When summer comes to Turkey, the population of the hinterland drops as inhabitants flock to the coast for relief from the heat, a respite from work, and a taste of the Mediterranean sweet life. Turks are not alone either, as ever increasing numbers of Europeans have taken over swaths of landscape for summer homes while backpackers from around the world fill the hostels.
They are lucky enough to have three coastlines to choose from–along the Black Sea, Mediterranean, Aegean. The first is the roughest, both in its tourism development and nature of the water, which can generate some dangerous riptides and waves. The second, probably the most popular, reaches soup-like temperatures that offer little relief from the sun. The third, the Aegean coast, has always been my personal favorite for several reasons—the coolness of the water (“like a nail” in local terminology); magic of the landscape; trove of ancient cities; and exceptionally fresh fish, fruit, and vegetables.
After a five-night stay at 4reasons Hotel in Yalikavak, a fishing town on the Bodrum peninsula, I now have several more. A hotel since 1996, it was given a thorough redesign and renovation by Ali and Esra Akin, who took over management in 2003. The hotel also adopted a new name based on the four reasons guests should choose the hotel.
It’s no surprise that Hippocrates, the father of western medicine, was born just 15 miles away on the island of Kos (now Greece). The region exudes healing powers that penetrate the body, spirit, and mind. A certain amount of the serenity at 4reasons comes from its hilltop location, a 20-minute walk the town center and marina, which although small in comparison to nearby Bodrum, still pulses throughout the day and night. Furthermore, with only 20 rooms in the hotel, there is plenty of space for all.
On paper, the hotel describes itself as “nu-bohemian,” with the key ingredients of design being comfort, flexibility, wit and simple elegance, all displayed in the four room styles—casual, functional, junior suite, and passionate. Dropping my bags in the last, it was immediately visible, from the minimalistic whiteness of the room and grey pebbles surrounding the bed area to the simple wood accents and sparse but bright splashes of color in the artwork. The layout of the hotel also intrigues with a subtle skewing of straight lines between the sections of the hotel (e.g. the pool and restaurant) in an almost cubist manner. But there’s also an equal balance of organic design in the lush, hanging gardens of honeysuckle, jasmine, and bougainvillea.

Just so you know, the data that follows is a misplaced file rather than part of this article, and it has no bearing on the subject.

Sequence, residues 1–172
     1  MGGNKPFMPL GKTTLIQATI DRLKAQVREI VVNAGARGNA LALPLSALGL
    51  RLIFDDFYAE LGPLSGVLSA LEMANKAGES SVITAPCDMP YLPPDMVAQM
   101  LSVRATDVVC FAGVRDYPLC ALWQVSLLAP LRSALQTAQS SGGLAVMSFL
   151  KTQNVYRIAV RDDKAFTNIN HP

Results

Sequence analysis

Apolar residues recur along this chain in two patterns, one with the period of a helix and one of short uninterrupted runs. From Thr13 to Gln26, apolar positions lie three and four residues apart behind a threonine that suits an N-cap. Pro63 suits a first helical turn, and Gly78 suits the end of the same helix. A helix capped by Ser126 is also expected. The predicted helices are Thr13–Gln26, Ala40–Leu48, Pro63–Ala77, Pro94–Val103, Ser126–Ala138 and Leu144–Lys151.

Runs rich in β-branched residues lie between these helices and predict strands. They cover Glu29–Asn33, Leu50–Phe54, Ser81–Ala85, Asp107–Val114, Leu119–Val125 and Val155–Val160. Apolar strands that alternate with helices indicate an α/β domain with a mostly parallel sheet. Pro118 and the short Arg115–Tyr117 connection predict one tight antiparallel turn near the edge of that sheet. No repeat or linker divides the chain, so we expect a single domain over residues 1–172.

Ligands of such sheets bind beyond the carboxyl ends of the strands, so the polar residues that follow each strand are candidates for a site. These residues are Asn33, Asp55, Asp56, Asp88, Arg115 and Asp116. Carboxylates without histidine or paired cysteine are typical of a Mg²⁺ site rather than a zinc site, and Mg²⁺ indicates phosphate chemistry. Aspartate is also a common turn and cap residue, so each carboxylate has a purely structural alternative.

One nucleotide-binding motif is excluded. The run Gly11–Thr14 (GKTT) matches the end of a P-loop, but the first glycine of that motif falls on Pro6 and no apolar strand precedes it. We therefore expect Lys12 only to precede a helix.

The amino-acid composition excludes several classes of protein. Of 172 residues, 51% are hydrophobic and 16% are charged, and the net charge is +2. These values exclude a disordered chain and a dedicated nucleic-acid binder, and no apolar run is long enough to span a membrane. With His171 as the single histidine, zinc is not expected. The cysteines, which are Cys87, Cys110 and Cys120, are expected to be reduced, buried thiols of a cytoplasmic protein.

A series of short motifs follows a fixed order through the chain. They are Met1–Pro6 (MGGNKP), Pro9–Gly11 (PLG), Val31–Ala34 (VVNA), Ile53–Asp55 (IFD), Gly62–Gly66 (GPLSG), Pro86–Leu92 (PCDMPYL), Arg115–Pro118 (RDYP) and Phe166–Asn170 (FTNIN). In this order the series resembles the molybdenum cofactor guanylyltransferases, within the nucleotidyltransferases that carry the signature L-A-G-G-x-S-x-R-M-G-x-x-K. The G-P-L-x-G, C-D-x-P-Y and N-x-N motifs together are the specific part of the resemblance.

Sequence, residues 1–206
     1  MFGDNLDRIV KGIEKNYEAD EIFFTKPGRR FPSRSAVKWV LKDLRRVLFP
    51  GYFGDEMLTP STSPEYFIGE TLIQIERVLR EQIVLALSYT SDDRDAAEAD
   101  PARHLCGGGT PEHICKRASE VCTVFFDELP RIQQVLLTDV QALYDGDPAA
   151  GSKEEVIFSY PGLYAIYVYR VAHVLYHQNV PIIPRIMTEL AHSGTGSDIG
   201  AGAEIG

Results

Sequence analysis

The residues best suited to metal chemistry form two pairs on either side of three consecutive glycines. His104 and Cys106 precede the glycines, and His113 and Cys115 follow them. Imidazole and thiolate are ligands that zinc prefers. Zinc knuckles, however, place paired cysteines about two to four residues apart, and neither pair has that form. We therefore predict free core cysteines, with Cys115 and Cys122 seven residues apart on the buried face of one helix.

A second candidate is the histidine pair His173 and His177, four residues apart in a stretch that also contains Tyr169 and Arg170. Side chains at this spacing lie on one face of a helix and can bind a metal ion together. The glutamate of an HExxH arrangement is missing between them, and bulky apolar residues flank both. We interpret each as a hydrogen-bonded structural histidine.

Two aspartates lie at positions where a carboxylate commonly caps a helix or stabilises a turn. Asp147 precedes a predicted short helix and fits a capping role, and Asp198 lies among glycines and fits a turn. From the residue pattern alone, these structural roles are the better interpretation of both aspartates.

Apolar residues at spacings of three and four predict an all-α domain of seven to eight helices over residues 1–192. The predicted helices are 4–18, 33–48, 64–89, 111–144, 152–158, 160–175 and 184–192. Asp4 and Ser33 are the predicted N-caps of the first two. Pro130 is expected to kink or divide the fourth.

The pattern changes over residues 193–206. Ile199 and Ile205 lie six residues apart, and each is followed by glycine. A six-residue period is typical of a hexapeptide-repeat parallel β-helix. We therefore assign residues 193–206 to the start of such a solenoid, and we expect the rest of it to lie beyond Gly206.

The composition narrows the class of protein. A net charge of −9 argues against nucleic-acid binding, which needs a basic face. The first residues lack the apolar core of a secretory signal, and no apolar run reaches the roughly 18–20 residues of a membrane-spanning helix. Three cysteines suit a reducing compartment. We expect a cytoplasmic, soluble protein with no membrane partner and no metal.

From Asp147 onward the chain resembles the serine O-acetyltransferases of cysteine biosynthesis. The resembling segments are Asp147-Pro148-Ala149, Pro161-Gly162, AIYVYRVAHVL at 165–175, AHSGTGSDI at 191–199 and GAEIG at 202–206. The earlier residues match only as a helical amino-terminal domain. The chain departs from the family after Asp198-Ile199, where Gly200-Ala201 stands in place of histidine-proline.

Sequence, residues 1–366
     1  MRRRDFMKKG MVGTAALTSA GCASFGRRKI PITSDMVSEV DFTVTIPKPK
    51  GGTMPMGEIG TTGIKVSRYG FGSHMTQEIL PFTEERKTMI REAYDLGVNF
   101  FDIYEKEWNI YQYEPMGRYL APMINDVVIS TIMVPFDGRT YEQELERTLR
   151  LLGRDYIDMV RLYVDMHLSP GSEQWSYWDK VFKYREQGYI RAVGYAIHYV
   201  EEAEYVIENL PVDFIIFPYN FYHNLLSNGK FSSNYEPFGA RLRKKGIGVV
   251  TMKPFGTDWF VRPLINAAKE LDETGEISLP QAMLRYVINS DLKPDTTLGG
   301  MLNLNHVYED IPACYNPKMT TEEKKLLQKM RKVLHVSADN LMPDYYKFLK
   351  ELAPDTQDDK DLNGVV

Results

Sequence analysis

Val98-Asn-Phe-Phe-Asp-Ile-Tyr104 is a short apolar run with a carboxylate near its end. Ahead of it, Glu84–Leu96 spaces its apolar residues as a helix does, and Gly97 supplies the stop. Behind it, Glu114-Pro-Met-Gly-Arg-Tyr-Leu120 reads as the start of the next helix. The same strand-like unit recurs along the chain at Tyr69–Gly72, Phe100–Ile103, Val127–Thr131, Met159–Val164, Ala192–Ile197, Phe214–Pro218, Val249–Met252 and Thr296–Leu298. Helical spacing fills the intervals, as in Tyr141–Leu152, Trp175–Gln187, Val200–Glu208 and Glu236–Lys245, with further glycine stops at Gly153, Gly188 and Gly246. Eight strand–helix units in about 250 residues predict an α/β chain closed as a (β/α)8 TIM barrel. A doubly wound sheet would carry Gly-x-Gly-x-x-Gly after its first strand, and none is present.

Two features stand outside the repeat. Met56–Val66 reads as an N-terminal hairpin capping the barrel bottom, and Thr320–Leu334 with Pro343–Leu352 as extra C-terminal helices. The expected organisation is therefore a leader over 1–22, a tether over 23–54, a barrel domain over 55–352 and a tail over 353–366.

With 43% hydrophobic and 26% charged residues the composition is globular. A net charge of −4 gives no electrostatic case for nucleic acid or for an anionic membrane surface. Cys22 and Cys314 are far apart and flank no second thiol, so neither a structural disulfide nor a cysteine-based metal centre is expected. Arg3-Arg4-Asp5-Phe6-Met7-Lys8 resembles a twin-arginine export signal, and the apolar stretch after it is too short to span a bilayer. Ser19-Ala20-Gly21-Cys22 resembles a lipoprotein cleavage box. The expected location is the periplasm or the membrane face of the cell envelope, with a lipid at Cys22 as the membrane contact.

You can tell the moment you lie down on the Eke bed linens and the blue star Yataş mattress that nothing is done on the cheap. But the hotel’s quality might best be witnessed in the on-site bistro restaurant, one of the best I’ve experienced in any hotel. Much of this has to do with its stunning perch position overlooking olive and citrus groves, but a lot with the fine food served from the kitchen. Although not completely flawless, the freshness and taste of the modernized Mediterranean classics produced by Chef Sercan Sağlık is unquestionably good, as is the presentation. Of particular favorite was the baked sea bream in orange sauce and Mahmudiye, an Ottoman favorite of chicken thighs served with almonds, figs, currants and honey (and the best meal of the experience). Nor do they skimp on the cocktails either, which pack as much punch as taste, especially the “hi-dut,” made with fresh black mulberries.
As always, I believe the best hotels make you feel like a guest rather than a customer. Business may be business, but I don’t want to be constantly reminded of it during the stay. The best gauge of a hotel’s attitude towards this philosophy is the water policy in the rooms. As the fundamental element of life (and therefore of hospitality too), it should be given freely and not charged. 4reasons happily agrees and gives a free bottle of Kestane, a premium water, named for the ancient forest it springs from. Leave your room and the treatment continues from the hotel staff, who are both ready with a smile and to help out, even if not in their specific purview. Ask anyone, and you shall receive.
It’s admittedly hard to suggest any improvements to the 4reasons. Some might argue the price is a tad high (starting at $200 per night) compared to some of the many nearby five-star resorts. That may be, but for me, the 4reasons gives a value greater than the sum of its parts and left me feeling happier and healthier than when I arrived. Should anyone complain about a lack of glitz, I suggest they step out onto the balcony and look up that canopy of stars shining brightly in the hills of Yalikavak.
Check rates online at Priceline.
Mike Dunphy stayed as a guest of 4reasons Hotel
All photos by Mike Dunphy